Don’t analyze me, complain about my size,

or conclude I’m an idiot with cat breath,

don’t glibly flash frowns or smiles

over this octopus stew and ginger beer.

We’ve tangoed together longer than forever,

so don’t defer with those sly eyes or

grin with trust in your silver tongue.

I’ll splurge for diamond and platinum rings,

feared by everyone, for I’ll soon own

the Vatican. I know where cottonwoods

pray to depressed skies, when cardinals sing

to their shadows, why perfume lingers in dark

gardenias. Infer what you wish, label me a mouthy

misogynist as you flaunt that creamy

cashmere bikini. Be a chess master who thinks

ten moves ahead, pretend you’re an hourglass

with a brain, but if you leave this restaurant,

consider yourself a pariah, not a devotee.

Meander, object to any abuse of power, prolong

this negotiation, state No comment, and I’ll

order an arrest warrant. Or hesitate no

further and blithely marry me as I charge

my star-drunk cable fans ten thousand bucks

a head to attend our wedding on Mars.



I’d rather pay a demented dentist

to yank out my teeth, smoke

opium with meth freaks in gas

chambers, or kiss a pimpled murderer

from Leavenworth than placate you

by offering my ring finger. I wouldn’t

say Yes if you waltzed in here

and offered me my own country.

Because your bravado is not backbone,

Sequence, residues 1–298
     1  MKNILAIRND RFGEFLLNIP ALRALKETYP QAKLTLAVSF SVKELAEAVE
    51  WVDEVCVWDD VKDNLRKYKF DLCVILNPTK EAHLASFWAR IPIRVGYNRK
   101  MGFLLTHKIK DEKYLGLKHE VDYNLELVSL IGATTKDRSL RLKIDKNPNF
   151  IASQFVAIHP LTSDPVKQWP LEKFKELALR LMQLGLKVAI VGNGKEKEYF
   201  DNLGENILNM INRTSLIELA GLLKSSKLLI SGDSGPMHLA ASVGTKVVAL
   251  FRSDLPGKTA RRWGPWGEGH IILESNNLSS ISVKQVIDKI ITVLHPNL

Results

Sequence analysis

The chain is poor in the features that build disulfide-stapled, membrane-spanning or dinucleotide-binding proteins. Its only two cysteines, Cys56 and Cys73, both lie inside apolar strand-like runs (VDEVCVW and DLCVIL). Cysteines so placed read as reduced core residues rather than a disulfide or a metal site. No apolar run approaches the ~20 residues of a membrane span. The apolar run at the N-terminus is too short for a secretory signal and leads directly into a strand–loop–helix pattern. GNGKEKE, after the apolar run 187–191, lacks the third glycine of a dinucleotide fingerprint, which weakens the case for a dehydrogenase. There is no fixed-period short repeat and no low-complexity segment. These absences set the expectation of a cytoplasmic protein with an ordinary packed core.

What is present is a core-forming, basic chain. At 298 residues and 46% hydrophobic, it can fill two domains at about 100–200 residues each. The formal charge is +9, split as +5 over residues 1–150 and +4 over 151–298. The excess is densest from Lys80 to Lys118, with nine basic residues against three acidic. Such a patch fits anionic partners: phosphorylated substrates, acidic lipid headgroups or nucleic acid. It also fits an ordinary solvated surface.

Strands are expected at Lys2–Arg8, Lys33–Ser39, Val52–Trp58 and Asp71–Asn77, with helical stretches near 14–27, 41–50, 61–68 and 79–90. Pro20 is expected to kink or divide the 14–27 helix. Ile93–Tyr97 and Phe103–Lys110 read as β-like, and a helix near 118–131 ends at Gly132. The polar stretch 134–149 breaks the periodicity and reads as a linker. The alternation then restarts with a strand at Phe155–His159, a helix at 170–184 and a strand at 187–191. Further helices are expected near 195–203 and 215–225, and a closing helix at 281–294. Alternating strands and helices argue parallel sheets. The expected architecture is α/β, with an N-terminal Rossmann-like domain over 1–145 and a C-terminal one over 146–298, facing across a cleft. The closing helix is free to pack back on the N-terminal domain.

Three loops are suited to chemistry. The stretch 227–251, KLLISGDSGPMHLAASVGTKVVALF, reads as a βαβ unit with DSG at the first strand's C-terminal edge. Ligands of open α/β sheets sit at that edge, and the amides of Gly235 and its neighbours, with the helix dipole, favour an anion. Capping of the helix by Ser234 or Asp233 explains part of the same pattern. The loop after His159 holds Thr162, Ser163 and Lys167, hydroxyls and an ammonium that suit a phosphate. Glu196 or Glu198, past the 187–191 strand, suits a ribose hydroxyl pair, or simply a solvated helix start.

it’s a straw gun cocked with a limp

hammer. Don’t you realize your

bluster repels me when you try

molding my compliance like clay?

As sure as I’m a femme fatale,

I’ll never plead with you to stop

muttering threats when you suddenly appear

like Spring’s mist on an antique mirror.

So don’t call me your sexy devil

and spread empty wealth in my path

like so much caviar on a black croissant.

I pity you, and No, I won’t marry you, dear

Donnie boy, because I own that smoldering

boutique in hell reserved for clients who

embarrass their sold souls by loving

no one but their charred reflections.





I admired him the first time his squinty

eyes haunted mine the first day of high school.

I had to guess about goosesteps he practiced

in khaki uniforms, but he inspired me

to achieve glory playing the piano.

I’ve foxtrotted with plutocrats, conversed

with cockpit bombers, never studied

schoolwork, and I know acrobatics

of linguistics like braids of the son

I’ll sire two years hence. Knowing

the statements were a barricade against

my friendship, I avoided Lyin’

Ned and regretted—twenty years later—

when he advanced toward me and leaned

in to address my chin: I’ve misjudged

you, Daniel, you’re not a cutout of yourself,

but a ballerina disguised as an ogre with duende.

Spray some starch on your beret, thin yourself

from the herd, and join me on the roof

where orchestras blame the moon

for a terrible night. Don’t be a body on the pyre.

I trusted him after endorsing him for President,

and he instructed cronies to testify I owned

gun gardens, a statement framed with his eely

smile. You gotta know where the line

in the sand is or you’ll never fulfill your godly

destiny, he glowed, smiling that last lie,

shanghaiing me to the supermax on the river.

David Spicer has had poems in Yellow Mama, Reed Magazine, Slim Volume, The Laughing Dog, In Between Hangovers, The American Poetry Review, Easy Street, Ploughshares, Bad Acid Laboratories, Inc., Dead Snakes, and in A Galaxy of Starfish: An Anthology of Modern Surrealism (Salo Press, 2016). He has been nominated for a Pushcart, is the author of one full-length collection of poems and four chapbooks, and is the former editor of Raccoon, Outlaw, and Ion Books. He lives in Memphis, Tennessee.